AUTHOR: CLAIRE BAUMANN
While much of the world’s rhetoric currently centers on fear, global leaders, influencers and policymakers are convening in Dubai this week to talk about happiness. Specifically, how can governments incorporate and factor for happiness in their policies the same way they do for Gross Domestic Product (GDP). Happiness has emerged on the global development stage—so much so that this year’s World Government Summit, held in Dubai February 12-14, opened with a full-day precursor focused on the human emotion.
An array of global speakers—from Bhutan’s Prime Minister Tshering Tobgay to the UAE’s Minister for Happiness Ohood bint Khalfan Al Roumi—noted how they were prioritizing happiness in their own countries. Her Excellency Al Roumi underscored the need for a policy on happiness, citing the World Health Organization’s recent findings that depression will be one of three main global diseases by 2030. With those figures, it’s no surprise that UNDP Administrator Helen Clark noted the global community is starting to incorporate mental health into discussions surrounding development.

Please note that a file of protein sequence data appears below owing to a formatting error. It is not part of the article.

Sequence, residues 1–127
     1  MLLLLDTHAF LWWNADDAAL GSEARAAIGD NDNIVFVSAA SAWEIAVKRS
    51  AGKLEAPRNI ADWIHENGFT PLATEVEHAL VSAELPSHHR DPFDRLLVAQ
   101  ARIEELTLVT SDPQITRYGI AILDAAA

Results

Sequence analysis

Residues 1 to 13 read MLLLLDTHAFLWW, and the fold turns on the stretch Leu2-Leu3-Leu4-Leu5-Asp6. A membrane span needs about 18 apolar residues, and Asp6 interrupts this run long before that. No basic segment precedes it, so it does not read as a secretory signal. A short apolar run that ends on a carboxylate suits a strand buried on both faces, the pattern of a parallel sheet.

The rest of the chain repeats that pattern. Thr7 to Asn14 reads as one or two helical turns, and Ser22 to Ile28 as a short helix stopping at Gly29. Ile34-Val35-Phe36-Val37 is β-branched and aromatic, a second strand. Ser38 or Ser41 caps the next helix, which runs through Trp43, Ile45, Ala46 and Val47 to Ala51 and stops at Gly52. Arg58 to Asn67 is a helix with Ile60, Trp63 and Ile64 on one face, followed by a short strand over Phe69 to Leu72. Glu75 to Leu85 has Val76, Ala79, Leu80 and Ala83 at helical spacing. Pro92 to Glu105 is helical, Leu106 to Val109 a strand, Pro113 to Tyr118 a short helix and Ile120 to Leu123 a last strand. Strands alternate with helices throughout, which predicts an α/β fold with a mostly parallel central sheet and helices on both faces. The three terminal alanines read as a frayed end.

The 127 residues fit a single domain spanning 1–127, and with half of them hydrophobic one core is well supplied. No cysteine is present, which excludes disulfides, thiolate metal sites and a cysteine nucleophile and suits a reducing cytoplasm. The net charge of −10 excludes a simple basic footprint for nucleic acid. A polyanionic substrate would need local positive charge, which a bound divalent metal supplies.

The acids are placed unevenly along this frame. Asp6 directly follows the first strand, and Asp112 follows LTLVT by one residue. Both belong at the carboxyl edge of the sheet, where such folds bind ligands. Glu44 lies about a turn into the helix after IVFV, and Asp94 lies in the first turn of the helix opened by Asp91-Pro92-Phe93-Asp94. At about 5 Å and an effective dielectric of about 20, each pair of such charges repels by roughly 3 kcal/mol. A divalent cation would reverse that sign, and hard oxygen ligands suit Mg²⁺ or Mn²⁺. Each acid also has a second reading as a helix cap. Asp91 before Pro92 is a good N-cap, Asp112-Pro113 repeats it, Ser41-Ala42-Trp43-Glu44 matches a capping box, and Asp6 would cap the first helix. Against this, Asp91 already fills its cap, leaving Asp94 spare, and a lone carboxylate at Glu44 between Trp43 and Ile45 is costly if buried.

If countries are making this most cherished human emotion a priority, what can you do as an individual to scale up your own happiness? We sat down with expert Dan Buettner to discover the basic tenets for finding happiness:
- The harder people try to be happy, the less happy they are.
- Altruism is as addictive as crack cocaine and sugar.
- More than three hours of social media a day will make you increasingly less happy. Stick to 30 minutes to one hour. It allows people to check in and still have authentic, real-life experiences.
- Happiness is about letting longevity ensue, instead of it being something that is pursued. This suggests that it’s all about environment, and not specifically when people set a goal to get healthy, or happy.
- Live to over 100 years. This is the happiest cohort of people.
Blowing 101 birthday cake candles out in the future? No problem. Reducing social media consumption a day may be the greater challenge.